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The Boy President Who Cried, "Wolf"

“Wolf! Wolf! The wolf is chasing the sheep!” When the villagers came to help the boy who cried, “Wolf,” the boy laughed. He had been bored.

“WMD! WMD! Saddam has WMD!”

When no WMD were found, the boy president said: “Regime change … evil dictator.” But he was pulling the wool over the eyes of the public so they couldn’t see that he was just trying to get reelected. And he wanted oil.

“Save your frightened song for when there is really something wrong!”

George W. Bush is the boy who cried, “Wolf! Wolf!” George W. Bush is the boy president who cried out even though there was no threat from Iraq. George W. Bush is the boy who cried out and spent every bit of his political capital. And now there’s nothing left. But there is a whole lot wrong.

Even though there probably are wolves making WMD out there, not enough people trust George W. Bush anymore.

“Save your frightened song for when there is really something wrong!”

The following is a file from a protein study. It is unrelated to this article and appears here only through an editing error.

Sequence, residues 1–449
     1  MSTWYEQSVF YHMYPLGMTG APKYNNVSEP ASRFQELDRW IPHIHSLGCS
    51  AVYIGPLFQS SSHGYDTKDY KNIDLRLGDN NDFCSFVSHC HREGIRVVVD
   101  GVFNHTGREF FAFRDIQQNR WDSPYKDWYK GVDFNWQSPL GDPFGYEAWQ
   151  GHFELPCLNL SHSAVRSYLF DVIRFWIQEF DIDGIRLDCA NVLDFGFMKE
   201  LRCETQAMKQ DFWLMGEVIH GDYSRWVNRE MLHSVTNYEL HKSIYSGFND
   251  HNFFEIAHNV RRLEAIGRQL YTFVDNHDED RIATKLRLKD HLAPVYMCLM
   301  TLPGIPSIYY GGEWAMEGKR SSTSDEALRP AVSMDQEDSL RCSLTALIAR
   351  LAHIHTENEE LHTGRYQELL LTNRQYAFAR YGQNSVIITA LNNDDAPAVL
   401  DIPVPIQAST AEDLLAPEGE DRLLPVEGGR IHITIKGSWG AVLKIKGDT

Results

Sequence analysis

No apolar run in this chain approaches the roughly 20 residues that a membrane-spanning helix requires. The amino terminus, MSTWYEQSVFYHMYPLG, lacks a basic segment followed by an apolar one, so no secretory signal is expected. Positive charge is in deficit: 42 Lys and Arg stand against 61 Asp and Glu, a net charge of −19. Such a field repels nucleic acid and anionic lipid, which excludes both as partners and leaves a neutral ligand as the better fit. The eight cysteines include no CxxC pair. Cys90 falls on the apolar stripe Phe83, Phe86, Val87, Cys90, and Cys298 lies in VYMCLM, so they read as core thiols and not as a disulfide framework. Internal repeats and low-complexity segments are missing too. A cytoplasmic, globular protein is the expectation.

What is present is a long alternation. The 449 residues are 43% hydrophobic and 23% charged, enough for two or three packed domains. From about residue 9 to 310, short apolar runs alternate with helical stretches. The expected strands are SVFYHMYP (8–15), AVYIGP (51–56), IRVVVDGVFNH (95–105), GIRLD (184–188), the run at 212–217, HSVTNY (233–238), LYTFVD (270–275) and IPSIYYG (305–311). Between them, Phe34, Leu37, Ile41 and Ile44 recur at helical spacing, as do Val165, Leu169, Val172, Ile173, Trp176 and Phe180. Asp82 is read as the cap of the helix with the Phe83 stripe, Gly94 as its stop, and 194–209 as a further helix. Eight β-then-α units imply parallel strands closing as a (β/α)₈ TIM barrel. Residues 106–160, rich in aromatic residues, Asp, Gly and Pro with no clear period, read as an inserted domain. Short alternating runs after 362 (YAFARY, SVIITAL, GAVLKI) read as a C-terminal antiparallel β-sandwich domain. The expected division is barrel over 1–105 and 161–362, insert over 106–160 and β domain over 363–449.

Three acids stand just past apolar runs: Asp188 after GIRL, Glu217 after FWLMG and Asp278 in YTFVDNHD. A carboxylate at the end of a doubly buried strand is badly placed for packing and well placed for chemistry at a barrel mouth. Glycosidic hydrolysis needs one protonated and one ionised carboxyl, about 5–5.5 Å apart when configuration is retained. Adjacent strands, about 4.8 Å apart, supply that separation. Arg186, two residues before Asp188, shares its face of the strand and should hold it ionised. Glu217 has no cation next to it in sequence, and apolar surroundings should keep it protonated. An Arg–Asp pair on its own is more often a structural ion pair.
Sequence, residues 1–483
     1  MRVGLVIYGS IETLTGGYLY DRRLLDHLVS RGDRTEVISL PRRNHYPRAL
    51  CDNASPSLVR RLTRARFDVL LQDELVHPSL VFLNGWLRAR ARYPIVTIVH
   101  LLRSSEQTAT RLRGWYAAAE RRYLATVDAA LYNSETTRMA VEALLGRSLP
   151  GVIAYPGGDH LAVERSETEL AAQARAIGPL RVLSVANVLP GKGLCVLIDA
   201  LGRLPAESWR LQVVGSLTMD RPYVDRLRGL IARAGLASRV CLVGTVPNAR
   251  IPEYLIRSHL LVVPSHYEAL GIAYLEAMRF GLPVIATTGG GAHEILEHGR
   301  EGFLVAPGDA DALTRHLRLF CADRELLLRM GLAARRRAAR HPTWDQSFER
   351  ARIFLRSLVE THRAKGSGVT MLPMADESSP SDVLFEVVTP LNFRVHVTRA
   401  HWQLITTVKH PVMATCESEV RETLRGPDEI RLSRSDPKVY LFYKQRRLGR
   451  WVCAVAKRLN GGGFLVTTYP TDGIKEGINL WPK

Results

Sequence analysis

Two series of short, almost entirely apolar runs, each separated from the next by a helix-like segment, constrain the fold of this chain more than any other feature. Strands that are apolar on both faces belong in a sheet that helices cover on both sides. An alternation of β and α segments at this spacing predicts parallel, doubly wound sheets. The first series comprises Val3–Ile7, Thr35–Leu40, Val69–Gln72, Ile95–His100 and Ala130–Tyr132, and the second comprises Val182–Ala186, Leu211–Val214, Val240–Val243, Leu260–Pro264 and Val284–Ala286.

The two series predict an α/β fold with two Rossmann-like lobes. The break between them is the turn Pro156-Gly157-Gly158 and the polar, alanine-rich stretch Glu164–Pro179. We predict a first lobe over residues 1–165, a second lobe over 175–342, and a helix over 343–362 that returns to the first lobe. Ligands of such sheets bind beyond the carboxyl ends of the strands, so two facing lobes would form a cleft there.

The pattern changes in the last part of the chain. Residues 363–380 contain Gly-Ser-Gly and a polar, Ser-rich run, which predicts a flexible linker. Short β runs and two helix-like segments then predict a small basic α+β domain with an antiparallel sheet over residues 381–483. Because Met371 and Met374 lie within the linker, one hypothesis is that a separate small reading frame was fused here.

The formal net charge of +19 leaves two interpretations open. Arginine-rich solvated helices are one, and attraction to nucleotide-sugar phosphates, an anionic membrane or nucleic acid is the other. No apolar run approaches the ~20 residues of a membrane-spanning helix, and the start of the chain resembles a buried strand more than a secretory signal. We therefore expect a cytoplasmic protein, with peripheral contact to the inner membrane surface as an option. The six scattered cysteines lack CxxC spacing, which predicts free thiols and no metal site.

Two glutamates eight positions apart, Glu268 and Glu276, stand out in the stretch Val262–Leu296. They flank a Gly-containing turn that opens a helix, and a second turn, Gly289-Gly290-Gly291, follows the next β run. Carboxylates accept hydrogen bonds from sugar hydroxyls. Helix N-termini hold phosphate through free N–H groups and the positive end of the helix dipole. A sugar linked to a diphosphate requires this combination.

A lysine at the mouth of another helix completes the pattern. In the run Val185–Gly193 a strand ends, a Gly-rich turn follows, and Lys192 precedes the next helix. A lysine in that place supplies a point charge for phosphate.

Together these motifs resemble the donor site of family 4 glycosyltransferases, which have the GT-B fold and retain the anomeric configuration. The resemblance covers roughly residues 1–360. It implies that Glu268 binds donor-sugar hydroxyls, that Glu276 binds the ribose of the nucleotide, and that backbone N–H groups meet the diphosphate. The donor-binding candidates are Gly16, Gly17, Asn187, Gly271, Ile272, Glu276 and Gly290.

“But Iran does have WMD. Okay, I knew Saddam didn’t but, believe me, Iran does and is poised to use themmushroom cloud, mushroom cloud”

“Nobody believes a liar …”

Only 20 percent of Americans polled strongly approve of the boy who cried, “Wolf!”

Sixty percent disapprove of the boy president’s handling of Iraq.

The boy who cried, “Wolf,” is now saying diplomacy, but this has always been a problem for him.

“Save your frightened song for when there is really something wrong!”

The boy who cried, “Axis of evil,” is responsible for a world of problems. His aggressive language fueled Iran’s renewed interest in developing nuclear weapons. The boy president’s loss of credibility poses a danger in and of itself.

We must all sing a frightened song because there is really something wrong.

These are the worst of times because the boy president cried, “Wolf.”

These are the worst of times because the boy president is the wolf.

Missy Beattie lives in New York City. She’s written for National Public Radio and Nashville Life Magazine. An outspoken critic of the Bush Administration and the war in Iraq, she’s a member of Gold Star Families for Peace. She completed a novel last year, but since the death of her nephew, Marine Lance Cpl. Chase J. Comley, in Iraq on August 6,’05, she has been writing political articles. She can be reached at: Missybeat@aol.com

 

 

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Missy Beattie has written for National Public Radio and Nashville Life Magazine. She was an instructor of memoirs writing at Johns Hopkins’ Osher Lifelong Learning Institute in BaltimoreEmail: missybeat@gmail.com

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